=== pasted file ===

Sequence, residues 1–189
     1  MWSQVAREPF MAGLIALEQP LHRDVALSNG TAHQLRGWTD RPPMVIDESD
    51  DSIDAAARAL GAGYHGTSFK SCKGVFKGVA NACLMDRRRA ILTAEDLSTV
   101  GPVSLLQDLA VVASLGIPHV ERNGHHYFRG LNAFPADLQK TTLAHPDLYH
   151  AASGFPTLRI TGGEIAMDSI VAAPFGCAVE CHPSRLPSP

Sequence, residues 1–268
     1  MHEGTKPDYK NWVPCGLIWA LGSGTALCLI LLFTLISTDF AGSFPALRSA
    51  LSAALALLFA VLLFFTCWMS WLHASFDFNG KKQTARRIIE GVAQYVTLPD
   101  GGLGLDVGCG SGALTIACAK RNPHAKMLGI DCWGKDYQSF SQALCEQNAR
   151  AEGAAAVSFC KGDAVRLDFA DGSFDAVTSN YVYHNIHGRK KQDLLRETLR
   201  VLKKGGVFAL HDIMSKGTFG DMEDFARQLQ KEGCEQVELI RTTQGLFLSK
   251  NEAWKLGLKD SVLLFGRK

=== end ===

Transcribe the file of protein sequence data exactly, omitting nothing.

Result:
Sequence, residues 1–189
     1  MWSQVAREPF MAGLIALEQP LHRDVALSNG TAHQLRGWTD RPPMVIDESD
    51  DSIDAAARAL GAGYHGTSFK SCKGVFKGVA NACLMDRRRA ILTAEDLSTV
   101  GPVSLLQDLA VVASLGIPHV ERNGHHYFRG LNAFPADLQK TTLAHPDLYH
   151  AASGFPTLRI TGGEIAMDSI VAAPFGCAVE CHPSRLPSP

Sequence, residues 1–268
     1  MHEGTKPDYK NWVPCGLIWA LGSGTALCLI LLFTLISTDF AGSFPALRSA
    51  LSAALALLFA VLLFFTCWMS WLHASFDFNG KKQTARRIIE GVAQYVTLPD
   101  GGLGLDVGCG SGALTIACAK RNPHAKMLGI DCWGKDYQSF SQALCEQNAR
   151  AEGAAAVSFC KGDAVRLDFA DGSFDAVTSN YVYHNIHGRK KQDLLRETLR
   201  VLKKGGVFAL HDIMSKGTFG DMEDFARQLQ KEGCEQVELI RTTQGLFLSK
   251  NEAWKLGLKD SVLLFGRK